Node(Point position = {}, std::shared_ptr<Node> parent = {}): position(position), parent(parent) {};

Of course, this means you need to have shared pointers from the very start. So Astar() should get a vector of shared pointers:

std::vector<Point> Astar(Point &start_pos, Point &end_pos, const std::vector<std::shared_ptr<Node>> &all_nodes)
{
    std::shared_ptr<Node> start_node;
    std::shared_ptr<Node> end_node;

    for (auto &node: all_nodes)
    {
        ...
    }
    ...
}

If you want to avoid this, then alternatively:

Consider adding a class Graph that owns the Nodes

To avoid having to use std::shared_ptr everywhere, but to ensure pointers to parent nodes are always valid, consider adding a class Graph that manages the collection of Nodes. Internally, it could just use a std::vector<Node> to store the nodes; you just have to make sure that when you add and remove nodes from a Graph, that connections and parent/child relationships have been properly deleted beforehand.

If you have a class Graph, you can make Astar() a member function of it. It would look like:

class Graph {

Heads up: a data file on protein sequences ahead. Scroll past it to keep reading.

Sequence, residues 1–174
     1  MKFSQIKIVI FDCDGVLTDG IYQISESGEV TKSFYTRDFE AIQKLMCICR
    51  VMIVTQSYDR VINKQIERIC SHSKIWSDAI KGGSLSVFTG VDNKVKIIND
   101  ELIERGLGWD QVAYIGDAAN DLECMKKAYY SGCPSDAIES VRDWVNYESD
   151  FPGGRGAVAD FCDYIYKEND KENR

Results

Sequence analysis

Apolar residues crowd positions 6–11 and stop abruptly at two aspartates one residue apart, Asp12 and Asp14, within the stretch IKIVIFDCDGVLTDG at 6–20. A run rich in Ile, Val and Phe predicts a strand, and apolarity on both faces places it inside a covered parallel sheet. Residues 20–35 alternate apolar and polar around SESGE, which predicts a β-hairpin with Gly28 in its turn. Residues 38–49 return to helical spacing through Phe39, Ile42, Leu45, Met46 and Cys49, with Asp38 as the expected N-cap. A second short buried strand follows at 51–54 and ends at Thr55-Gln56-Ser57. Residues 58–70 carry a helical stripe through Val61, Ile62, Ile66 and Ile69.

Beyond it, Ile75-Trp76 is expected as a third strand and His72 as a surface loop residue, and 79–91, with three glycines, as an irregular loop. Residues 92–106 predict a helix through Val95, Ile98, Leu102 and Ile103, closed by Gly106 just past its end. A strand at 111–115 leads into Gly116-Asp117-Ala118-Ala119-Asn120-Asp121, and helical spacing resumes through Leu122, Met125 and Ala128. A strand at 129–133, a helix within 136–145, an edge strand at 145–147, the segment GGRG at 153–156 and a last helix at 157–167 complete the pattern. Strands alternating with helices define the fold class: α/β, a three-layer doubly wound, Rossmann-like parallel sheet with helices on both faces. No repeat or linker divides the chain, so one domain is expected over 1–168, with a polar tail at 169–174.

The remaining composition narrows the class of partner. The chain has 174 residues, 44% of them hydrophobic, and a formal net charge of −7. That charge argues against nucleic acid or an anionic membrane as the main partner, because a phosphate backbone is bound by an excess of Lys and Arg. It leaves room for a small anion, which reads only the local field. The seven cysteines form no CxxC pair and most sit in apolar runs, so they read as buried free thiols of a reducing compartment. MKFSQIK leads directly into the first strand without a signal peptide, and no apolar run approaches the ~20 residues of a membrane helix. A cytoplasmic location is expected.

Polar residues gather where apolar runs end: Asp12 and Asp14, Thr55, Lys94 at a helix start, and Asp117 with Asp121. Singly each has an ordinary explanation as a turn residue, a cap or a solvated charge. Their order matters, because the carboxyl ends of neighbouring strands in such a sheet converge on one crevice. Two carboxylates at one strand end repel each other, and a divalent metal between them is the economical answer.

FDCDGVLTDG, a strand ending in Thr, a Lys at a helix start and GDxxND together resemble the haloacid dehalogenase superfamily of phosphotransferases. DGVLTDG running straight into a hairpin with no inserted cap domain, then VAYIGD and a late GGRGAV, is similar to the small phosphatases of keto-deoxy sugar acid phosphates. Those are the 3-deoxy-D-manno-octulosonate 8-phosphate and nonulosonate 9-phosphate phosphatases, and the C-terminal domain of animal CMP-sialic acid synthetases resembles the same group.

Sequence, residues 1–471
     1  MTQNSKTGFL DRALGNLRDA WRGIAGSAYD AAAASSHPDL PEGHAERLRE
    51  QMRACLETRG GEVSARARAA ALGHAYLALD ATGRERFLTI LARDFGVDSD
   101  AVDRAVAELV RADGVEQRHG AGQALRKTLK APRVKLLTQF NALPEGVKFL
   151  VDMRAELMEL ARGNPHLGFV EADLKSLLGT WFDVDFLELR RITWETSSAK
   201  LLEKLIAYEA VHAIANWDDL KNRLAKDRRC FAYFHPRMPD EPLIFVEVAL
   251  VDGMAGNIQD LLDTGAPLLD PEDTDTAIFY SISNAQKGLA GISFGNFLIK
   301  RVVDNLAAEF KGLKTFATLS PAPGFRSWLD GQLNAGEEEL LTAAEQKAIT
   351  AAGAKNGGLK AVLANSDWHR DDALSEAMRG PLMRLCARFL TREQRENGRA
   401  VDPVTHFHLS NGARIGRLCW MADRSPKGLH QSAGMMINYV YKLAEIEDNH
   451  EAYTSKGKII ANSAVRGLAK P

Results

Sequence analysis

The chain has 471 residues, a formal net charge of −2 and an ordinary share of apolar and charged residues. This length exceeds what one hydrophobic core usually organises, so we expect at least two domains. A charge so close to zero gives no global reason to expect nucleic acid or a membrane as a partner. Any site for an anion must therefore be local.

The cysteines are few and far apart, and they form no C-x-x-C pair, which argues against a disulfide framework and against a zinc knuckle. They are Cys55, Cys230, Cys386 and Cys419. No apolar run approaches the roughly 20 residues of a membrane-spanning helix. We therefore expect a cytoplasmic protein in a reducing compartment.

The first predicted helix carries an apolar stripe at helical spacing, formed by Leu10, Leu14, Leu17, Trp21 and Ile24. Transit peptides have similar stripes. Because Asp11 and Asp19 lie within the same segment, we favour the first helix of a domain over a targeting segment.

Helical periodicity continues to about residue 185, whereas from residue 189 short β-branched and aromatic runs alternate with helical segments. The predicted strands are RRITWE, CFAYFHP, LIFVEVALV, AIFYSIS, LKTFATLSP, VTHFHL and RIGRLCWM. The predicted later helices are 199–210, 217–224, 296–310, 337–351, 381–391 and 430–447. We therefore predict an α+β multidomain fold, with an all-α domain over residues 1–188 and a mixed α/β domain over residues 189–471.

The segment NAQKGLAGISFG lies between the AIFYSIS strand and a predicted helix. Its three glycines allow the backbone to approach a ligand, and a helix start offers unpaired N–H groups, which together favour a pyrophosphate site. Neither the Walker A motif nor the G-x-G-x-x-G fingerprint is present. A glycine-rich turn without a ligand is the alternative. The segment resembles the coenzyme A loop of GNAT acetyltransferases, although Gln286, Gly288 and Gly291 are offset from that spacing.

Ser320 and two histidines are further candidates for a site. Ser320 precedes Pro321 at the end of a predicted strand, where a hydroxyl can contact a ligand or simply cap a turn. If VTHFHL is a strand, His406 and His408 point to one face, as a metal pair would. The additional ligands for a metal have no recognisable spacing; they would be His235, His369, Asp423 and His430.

std::vector<Node> nodes;

public:
    Node &AddNode(Point position) {
        nodes.emplace_back(position);
        return nodes.back();
    }

    void AddConnection(Node &a, Node &b) {
        a.AddConnection(b);
    }

    ...

    std::vector<Point> Astar(Point & start_pos, Point & end_pos);
};

std::vector<Point> Graph::Astar(Point & start_pos, Point & end_pos)
{
    // Find the start and end nodes
    Node start_node;
    Node end_node;

    for (auto &node: nodes)
    {
        ...
    }

    ...
}

Make Astar() take start and end Nodes instead of Points

Instead of telling Astar() the start and end position, why not tell it the start and end Nodes to use? This avoids having to scan the whole list of nodes to find the ones matching the given positions, and avoids potential issues if a given position matches zero or more than one Node. So:

std::vector<Point> Astar(Node &start_node, Node &end_node, std::vector<Node> all_nodes);

Avoid copying variables unnecessarily

There's a lot of copying going on in your code, that might not be necessary. In particular, instead of making copies of Nodes all the time, it might be more efficient to just keep references or pointers to the elements of all_nodes.